• Lona

Mission: Disengage (the mind)

The mind calls, and we answer. The mind walks, and we run. The mind says jump, and our feet have already left the ground. How do we escape the perpetual drag race of the mind? Disengage.


This is a practice. By learning what it feels like to disengage from a thought during a time of playful practice, we might be able to do it more easily when things are more serious.


It's the mind's job to think. This is a VERY important job, as it has kept us alive and kicking all our lives. It keeps us on schedule, gets our to do list done, and makes plans for the future. But, it has a dark side. The thinking doesn't stop. We can't just say "ok mind, now it's time to sleep, goodnight". The mind will go on thinking.


Let it.


You don't need to control the mind. There is no mind control in meditation. Controlling is an activity for the mind to do, so how can it control itself? We must flow with the mind; like a boat on a river. It's easiest to go with the flow.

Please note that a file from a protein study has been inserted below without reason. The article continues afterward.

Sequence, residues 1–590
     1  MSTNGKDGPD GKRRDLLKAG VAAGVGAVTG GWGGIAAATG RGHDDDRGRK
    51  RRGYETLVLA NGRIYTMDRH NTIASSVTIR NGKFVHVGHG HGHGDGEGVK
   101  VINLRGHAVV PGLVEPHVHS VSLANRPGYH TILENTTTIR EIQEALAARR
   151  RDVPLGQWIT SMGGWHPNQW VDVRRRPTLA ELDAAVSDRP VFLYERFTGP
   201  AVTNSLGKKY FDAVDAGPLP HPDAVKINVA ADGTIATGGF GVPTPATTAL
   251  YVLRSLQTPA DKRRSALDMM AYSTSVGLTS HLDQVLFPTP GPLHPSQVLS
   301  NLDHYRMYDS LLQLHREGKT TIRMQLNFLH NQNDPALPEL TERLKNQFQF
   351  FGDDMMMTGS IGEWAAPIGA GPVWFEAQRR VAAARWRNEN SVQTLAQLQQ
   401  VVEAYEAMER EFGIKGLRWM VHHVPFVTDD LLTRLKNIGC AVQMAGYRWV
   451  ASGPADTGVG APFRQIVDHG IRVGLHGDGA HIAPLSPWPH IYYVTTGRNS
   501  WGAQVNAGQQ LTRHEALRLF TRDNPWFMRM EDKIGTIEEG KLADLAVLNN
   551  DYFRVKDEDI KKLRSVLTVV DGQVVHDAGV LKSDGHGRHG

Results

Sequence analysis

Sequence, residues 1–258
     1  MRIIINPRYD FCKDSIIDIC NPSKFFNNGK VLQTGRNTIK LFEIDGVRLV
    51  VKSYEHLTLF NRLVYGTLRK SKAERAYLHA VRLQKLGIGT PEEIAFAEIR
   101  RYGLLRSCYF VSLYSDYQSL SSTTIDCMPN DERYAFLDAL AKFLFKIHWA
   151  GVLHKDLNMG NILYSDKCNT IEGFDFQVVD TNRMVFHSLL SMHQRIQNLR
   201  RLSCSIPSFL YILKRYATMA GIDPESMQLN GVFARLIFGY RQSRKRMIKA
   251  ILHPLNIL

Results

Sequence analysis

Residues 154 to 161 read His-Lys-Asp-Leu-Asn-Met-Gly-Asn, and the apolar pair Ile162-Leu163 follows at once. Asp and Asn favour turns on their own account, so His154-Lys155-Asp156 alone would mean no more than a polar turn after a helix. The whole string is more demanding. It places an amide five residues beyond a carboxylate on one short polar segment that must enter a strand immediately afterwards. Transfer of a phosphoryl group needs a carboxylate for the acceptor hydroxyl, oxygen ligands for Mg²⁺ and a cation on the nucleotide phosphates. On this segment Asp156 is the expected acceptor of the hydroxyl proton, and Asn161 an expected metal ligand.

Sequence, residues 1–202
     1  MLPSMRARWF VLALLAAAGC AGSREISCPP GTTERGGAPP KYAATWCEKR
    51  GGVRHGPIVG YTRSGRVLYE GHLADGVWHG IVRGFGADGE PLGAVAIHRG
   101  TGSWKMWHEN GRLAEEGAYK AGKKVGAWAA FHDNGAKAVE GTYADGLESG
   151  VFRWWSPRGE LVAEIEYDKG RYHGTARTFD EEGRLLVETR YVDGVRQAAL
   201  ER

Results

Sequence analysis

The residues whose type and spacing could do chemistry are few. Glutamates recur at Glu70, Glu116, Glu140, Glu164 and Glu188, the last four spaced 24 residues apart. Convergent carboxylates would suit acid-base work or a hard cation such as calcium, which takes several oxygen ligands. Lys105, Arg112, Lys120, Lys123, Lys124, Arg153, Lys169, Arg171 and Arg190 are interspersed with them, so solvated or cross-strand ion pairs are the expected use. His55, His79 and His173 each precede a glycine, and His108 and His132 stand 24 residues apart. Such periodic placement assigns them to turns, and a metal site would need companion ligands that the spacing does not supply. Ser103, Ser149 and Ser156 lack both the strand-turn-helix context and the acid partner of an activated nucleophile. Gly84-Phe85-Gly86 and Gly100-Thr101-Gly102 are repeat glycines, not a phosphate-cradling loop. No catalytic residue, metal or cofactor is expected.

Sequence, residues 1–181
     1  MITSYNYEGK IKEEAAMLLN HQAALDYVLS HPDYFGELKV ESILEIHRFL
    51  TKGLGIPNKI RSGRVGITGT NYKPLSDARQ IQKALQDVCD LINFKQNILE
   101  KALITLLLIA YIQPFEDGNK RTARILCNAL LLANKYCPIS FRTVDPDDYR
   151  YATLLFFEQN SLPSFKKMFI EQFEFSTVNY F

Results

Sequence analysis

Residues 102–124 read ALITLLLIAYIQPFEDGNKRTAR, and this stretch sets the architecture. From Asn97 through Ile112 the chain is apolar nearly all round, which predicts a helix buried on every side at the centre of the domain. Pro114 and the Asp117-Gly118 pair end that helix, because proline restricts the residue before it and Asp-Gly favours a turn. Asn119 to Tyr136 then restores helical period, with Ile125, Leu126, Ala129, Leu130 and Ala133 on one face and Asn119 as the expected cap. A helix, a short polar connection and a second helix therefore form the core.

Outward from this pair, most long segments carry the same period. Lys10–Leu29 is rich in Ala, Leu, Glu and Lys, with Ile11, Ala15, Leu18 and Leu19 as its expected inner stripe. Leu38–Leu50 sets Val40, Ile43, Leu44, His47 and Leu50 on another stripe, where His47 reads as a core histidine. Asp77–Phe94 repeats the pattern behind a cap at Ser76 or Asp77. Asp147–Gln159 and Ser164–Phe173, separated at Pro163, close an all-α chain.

INSPIRED ACTION: Can you add this practice to your meditation? Get into your meditative state by sitting in a comfortable position, palms face up, spine erect. We are going to play with engaging and disengaging the mind. Take three long bottom breaths by inhaling easily to fill you all the way down to your root chakra, then relaxing the exhale with a little sigh. Don't push the exhale, just let it fall out. Take your time getting to the next inhale. These lulls after the exhale relax your nervous system. Now, wait for a thought to come. Once a thought comes, I want you to engage with it. I want you to let the mind do it's thing, and follow the thought on through. Feel what it's like to engage with a thought. There will be a distinct feeling of moving into the thought. Take note. Now return to your meditative state with some bottom breaths. Wait for a thought. Now, I want you to practice disengaging, by not allowing yourself to surrender to the thought pattern. See the thought as a cloud and then focus on the sky. Don't force the thought anywhere, just let the thought continue on without you. Try it a couple times if you keep getting drawn in. Get to know the feeling of disengaging. It's distinct from engaging.




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